In general, an operating system (OS) is responsible for managing the hardware resources of a computer and hosting applications that run on the computer. An RTOS performs these tasks, but is also specially designed to run applications with very precise timing and a high degree of reliability. This can be especially important in measurement and automation systems where downtime is costly or a program delay could cause a safety hazard.
To be considered “real-time”, an operating system must have a known maximum time for each of the critical operations that it performs (or at least be able to guarantee that maximum most of the time). Some of these operations include OS calls and interrupt handling. Operating systems that can absolutely guarantee a maximum time for these operations are commonly referred to as “hard real-time”, while operating systems that can only guarantee a maximum most of the time are referred to as “soft real-time”. In practice, these strict categories have limited usefulness – each RTOS solution demonstrates unique performance characteristics and the user should carefully investigate these characteristics.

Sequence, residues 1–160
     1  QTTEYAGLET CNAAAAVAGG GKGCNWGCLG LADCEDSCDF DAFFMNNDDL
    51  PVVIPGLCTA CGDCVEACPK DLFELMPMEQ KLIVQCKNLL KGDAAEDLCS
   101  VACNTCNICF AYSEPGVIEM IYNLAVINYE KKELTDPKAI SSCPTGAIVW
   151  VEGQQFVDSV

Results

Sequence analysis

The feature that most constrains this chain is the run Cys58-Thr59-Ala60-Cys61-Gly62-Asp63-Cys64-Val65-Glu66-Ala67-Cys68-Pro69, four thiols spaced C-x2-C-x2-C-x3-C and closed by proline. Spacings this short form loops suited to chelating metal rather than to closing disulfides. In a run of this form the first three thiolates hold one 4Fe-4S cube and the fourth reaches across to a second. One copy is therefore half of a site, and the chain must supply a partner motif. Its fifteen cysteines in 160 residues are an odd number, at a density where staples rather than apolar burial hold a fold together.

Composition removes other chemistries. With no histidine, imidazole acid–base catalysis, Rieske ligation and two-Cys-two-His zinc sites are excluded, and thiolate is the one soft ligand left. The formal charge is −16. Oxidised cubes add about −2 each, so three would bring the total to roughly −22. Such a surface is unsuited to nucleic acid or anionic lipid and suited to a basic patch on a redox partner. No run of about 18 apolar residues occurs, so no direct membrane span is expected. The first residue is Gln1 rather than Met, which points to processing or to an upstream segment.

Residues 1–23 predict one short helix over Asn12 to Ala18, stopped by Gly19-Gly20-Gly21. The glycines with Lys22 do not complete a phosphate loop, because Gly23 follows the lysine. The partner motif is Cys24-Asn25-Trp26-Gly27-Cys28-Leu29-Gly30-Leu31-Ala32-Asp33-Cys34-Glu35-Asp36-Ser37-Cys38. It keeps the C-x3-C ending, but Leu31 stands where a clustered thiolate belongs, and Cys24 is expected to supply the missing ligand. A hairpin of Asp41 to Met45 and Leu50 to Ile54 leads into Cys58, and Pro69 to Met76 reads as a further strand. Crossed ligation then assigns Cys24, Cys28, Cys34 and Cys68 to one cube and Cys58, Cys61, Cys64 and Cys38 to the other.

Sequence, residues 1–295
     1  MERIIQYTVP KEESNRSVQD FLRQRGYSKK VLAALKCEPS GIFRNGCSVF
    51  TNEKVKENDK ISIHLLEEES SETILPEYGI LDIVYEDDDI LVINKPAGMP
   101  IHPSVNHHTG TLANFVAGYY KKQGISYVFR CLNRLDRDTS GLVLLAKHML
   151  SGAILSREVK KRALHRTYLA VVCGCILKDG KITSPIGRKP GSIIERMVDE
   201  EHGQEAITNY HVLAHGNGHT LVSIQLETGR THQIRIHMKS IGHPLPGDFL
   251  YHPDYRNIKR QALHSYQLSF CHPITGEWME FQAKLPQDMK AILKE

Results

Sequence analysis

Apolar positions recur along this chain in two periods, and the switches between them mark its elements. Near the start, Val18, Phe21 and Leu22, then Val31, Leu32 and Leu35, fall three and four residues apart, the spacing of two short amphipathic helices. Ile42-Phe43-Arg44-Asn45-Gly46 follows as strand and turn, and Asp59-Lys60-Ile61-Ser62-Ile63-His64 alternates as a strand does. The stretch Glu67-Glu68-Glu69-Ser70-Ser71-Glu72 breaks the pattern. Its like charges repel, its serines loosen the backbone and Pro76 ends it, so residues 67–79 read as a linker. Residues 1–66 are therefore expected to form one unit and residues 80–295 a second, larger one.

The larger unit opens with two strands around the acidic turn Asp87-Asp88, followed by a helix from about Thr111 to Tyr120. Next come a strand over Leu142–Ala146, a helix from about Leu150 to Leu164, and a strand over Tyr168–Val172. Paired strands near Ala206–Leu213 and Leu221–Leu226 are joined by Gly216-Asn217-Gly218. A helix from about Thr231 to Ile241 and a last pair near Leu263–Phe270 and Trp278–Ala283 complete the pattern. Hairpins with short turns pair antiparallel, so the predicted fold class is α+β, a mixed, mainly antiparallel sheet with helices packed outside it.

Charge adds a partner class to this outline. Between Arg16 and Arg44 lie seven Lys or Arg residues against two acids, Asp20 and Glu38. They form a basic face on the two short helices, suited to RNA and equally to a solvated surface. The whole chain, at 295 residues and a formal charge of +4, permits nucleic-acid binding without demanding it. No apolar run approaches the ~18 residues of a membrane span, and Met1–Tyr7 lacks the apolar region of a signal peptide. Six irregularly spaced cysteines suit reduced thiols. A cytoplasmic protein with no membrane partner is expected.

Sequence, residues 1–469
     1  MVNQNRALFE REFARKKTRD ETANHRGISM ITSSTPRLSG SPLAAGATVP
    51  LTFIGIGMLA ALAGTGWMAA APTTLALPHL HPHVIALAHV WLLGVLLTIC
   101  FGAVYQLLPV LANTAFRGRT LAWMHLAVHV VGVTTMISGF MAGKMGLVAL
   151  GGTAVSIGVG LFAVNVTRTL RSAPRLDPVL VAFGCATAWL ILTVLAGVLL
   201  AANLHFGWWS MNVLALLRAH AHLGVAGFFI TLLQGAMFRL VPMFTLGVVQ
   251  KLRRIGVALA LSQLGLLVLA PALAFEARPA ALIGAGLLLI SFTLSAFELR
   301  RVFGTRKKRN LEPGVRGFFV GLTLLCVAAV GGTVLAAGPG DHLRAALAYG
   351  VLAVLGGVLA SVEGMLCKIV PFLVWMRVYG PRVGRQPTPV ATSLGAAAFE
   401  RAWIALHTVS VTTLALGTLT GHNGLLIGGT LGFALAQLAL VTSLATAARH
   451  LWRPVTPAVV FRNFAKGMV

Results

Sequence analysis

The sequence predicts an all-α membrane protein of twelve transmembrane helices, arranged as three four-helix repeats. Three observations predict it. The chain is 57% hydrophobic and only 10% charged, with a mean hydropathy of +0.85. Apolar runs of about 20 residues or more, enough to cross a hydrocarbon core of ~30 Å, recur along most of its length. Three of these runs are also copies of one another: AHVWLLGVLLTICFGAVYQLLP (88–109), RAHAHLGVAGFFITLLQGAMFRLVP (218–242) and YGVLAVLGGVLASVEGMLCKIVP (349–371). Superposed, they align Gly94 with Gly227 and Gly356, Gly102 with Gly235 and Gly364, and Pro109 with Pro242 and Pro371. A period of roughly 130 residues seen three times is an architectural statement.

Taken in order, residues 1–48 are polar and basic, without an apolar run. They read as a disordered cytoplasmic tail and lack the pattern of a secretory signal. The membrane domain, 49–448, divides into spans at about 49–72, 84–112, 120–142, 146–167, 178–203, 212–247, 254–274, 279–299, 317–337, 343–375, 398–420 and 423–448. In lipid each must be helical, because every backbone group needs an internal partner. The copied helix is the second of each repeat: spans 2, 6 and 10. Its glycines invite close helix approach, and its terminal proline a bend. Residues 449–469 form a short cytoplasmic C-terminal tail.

To fully grasp these concepts, it is helpful to consider an example. Imagine that you are designing an airbag system for a new model of car. In this case, a small error in timing (causing the airbag to deploy too early or too late) could be catastrophic and cause injury. Therefore, a hard real-time system is needed; you need assurance as the system designer that no single operation will exceed certain timing constraints. On the other hand, if you were to design a mobile phone that received streaming video, it may be ok to lose a small amount of data occasionally even though on average it is important to keep up with the video stream. For this application, a soft real-time operating system may suffice.
The main point is that, if programmed correctly, an RTOS can guarantee that a program will run with very consistent timing. Real-time operating systems do this by providing programmers with a high degree of control over how tasks are prioritized, and typically also allow checking to make sure that important deadlines are met.